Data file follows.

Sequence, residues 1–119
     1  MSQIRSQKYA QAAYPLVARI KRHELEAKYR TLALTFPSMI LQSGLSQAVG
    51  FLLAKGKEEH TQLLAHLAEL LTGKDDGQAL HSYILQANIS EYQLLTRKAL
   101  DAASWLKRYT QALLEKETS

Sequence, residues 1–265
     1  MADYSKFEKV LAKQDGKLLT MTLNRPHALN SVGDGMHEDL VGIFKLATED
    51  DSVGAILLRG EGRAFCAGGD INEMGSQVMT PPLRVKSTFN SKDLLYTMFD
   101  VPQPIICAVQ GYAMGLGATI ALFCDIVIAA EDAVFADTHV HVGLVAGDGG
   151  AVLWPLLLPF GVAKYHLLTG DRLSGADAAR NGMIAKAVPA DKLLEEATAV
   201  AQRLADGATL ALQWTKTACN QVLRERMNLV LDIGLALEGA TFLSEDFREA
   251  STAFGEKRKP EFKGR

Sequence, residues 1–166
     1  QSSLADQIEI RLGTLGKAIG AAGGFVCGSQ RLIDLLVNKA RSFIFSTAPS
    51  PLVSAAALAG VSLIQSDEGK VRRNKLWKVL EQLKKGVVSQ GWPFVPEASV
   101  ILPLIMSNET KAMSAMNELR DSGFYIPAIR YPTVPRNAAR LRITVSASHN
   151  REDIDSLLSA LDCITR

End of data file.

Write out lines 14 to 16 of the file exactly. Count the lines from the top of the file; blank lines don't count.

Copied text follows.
    51  PLVSAAALAG VSLIQSDEGK VRRNKLWKVL EQLKKGVVSQ GWPFVPEASV
   101  ILPLIMSNET KAMSAMNELR DSGFYIPAIR YPTVPRNAAR LRITVSASHN
   151  REDIDSLLSA LDCITR